Exploring further and looking at the feelings lists (one listing feelings when you are getting your needs met, the other listing feelings when you are not getting your needs met), it became very clear that all the positive feelings and all the negative feelings I was experiencing were directly related to me getting or not getting these needs met that I’d just circled. I felt in that moment that I had discovered a key to life that no one had every shown me. I had discovered an equation that made so much of my life and way of being in the world all make sense. All the negative feelings (frustration, anger, loneliness, etc.) indicated that I was not getting my top needs met. And all the positive feelings (joy, satisfaction, excitement, etc.) were directly related to me getting my needs met. This was an Aha! moment that continues to reverberate for me and my clients on a daily basis.
Every day, both personally and professionally, helping people further cultivate a feelings and needs literacy is a primary driver and reward of the work that I do. Anyone who’s ever worked with has heard my constant refrain which is this:
“Everything everyone ever does his to get a real or perceived need met. Feelings are just a barometer, or indicator, of whether or not we are getting those needs met. So in this sense, bad feelings are good news if we are able to keep our needs in perspective. Feelings and emotions and are not permanent. We should listen to them and be informed by them but we should work to refrain from solidifying them and creating a personal identity around them. If we can use bad feelings as a rudder, or a pause button, to reorient toward prioritizing and getting our needs met, our life becomes much simpler and much more fulfilling.”
Without feelings and needs literacy it’s quite difficult to have a healthy relationship with our self or a healthy relationship with anyone else. When I dig into drug and alcohol histories with my clients and we start to unearth needs and feelings and develop more understanding in this area there often emerges a clear narrative of attempts to get needs met through the substances being used or misused. Almost without fail, the substances provided some relief that is a conscious or unconscious movement toward getting these needs met but is often a shadow side of that. Or, we often see the displacement of needs and a movement toward instant gratification rather than taking the longer view of more sustainably, wholesomely and holistically getting our needs met which is more inline with positive mental health and recovery best practices and outcomes.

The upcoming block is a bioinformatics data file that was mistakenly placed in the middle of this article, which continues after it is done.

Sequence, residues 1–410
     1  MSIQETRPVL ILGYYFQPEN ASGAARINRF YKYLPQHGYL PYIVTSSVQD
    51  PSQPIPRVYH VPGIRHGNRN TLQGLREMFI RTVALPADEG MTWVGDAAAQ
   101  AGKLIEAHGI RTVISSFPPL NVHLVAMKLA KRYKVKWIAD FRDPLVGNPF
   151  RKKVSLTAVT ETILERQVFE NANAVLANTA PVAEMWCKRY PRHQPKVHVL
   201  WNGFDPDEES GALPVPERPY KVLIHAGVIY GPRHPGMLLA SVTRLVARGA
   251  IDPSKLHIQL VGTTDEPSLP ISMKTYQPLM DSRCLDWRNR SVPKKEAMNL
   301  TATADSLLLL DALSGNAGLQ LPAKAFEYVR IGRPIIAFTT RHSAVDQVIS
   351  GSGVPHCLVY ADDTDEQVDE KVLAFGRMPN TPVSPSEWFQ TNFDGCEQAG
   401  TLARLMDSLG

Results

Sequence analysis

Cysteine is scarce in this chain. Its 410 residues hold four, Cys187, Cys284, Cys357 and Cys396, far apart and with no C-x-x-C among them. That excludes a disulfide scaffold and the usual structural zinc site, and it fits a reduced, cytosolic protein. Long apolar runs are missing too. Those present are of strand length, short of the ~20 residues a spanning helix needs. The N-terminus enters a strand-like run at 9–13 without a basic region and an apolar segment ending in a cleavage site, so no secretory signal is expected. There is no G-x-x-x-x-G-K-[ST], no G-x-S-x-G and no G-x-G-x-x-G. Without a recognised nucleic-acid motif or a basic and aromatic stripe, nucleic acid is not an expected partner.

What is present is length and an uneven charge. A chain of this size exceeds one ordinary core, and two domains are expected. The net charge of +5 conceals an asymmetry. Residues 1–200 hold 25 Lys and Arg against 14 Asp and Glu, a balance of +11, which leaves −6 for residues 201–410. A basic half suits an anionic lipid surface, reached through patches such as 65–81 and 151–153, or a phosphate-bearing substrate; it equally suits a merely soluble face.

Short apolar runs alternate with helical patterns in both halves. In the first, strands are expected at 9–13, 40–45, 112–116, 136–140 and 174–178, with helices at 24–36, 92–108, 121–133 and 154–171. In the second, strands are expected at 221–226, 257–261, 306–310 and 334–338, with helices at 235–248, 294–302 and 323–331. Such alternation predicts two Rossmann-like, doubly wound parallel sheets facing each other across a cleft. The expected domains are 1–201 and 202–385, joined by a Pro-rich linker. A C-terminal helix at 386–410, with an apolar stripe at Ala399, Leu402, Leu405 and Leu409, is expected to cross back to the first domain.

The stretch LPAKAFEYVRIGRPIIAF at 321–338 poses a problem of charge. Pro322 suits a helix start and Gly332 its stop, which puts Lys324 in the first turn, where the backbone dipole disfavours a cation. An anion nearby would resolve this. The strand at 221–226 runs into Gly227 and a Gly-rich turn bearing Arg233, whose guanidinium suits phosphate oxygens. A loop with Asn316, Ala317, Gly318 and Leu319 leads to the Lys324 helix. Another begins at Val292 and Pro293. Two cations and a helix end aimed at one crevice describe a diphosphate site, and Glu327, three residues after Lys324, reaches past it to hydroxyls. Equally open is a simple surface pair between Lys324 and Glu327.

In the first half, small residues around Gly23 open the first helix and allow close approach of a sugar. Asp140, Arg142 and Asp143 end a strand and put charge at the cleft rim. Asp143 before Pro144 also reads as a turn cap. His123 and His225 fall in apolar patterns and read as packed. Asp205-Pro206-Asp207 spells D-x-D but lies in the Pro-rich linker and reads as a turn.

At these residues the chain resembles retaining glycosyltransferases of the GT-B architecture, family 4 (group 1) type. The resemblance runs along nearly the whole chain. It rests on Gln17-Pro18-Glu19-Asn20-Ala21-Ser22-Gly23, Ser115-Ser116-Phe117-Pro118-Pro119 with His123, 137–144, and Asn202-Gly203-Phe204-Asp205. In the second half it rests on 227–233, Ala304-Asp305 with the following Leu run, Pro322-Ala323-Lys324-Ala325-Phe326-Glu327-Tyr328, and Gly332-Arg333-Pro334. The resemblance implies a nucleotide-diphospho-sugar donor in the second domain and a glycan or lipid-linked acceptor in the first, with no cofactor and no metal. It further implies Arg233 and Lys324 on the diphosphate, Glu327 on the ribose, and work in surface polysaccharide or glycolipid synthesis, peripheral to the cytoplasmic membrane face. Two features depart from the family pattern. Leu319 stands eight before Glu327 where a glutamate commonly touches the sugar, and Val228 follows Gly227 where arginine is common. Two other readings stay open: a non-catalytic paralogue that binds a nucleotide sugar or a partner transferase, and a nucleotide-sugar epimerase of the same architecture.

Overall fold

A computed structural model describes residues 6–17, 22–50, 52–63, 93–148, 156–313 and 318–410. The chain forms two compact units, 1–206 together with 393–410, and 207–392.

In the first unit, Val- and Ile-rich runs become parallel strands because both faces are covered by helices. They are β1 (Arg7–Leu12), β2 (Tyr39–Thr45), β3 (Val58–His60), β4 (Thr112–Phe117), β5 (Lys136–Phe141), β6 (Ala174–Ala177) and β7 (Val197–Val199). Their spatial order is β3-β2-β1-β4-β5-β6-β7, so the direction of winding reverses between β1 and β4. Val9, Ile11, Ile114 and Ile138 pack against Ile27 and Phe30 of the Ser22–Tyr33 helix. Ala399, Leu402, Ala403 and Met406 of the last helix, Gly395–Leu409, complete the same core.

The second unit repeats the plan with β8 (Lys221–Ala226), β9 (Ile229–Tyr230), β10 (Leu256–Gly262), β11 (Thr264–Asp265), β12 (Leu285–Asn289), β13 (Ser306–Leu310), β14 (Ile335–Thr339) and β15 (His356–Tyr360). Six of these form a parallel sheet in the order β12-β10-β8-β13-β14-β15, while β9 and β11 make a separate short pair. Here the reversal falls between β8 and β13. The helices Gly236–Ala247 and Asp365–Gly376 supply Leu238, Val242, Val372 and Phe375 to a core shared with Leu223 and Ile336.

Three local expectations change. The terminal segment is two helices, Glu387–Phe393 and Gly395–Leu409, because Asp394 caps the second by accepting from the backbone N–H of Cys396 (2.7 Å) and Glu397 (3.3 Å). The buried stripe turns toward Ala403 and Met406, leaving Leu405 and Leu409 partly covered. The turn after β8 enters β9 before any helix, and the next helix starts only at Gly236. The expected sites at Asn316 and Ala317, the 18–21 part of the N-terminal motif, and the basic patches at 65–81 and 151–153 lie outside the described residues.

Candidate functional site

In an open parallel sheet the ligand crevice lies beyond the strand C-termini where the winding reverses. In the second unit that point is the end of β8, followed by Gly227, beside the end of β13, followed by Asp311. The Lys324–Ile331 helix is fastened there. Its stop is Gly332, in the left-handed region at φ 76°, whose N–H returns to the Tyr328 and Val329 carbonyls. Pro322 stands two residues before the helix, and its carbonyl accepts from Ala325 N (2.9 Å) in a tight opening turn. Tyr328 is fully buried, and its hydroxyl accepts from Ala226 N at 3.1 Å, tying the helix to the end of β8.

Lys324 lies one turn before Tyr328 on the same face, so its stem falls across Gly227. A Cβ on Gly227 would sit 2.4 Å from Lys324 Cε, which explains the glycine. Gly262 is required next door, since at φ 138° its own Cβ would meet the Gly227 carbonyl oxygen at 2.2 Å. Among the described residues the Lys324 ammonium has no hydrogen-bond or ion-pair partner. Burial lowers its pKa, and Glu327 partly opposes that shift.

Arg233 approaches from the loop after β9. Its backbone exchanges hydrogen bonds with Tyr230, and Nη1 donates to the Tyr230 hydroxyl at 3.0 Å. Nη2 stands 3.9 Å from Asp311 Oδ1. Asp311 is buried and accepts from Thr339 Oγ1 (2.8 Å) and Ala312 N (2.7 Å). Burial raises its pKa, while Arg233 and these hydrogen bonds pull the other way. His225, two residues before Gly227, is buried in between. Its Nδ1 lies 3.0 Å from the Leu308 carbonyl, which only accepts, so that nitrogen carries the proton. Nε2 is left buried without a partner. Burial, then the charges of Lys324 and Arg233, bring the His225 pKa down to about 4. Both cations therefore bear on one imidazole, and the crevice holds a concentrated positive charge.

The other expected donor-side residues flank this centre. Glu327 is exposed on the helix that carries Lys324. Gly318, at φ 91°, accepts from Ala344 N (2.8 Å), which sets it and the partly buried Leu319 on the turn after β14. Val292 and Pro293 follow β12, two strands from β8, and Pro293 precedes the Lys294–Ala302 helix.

When somebody exits treatment, has an intervention and goes to treatment, gets on Vivitrol, Antabuse or stops using, very often the first work that we will do is to explore their needs and feelings. We look at storyline of their attempts to get unrecognized, unarticulated needs and feelings met and work to redirect these efforts with more skillful means. Clients very often take a big breath, and an even bigger exhalation – voicing a sense of relief in making this discovery. A similar realization to the one I had in that pizza shop on a cold winter day in Colorado more than a decade ago.
This is exactly what we had been doing with both the husband and the wife I mentioned above. Once the alcohol was out of the equation (even temporarily), there was some space to begin relating to the relationship that had been nearly dead for a decade. There was finally the opportunity to re-build and old friendship, to explore shared meaning, shared hopes, shared dreams. There was room and a foundation upon which to rebuild the sense and meaning of a healthy relationship and a thriving family.
We’ve set aside a mini retreat for them to be able to articulate and share their own needs to better be able to rebuild their relationship and friendship, to discuss their “Love Languages” and to explore and utilize other tools that might be helpful.
I was recently urged by another client to say something about my work with needs and feelings literacy so she could pass it on to a couple of her friends who are also struggling with drug and alcohol issues as well as a marriage and a relationship that are currently pretty rocky. So, here it is. May it be of benefit.
PS.. I highly recommend each of you going to the websites listed below and utilizing the needs and feelings lists. Circling your top three to five needs folding it up putting it in your pocket. Any time you feel any of the negative feelings on list, pull it out and use it as a pattern interrupt and a tool to remind you to hit pause and to help you consciously reorient toward getting your needs met. I guarantee this little tool will change your life. It has for me and for so many others.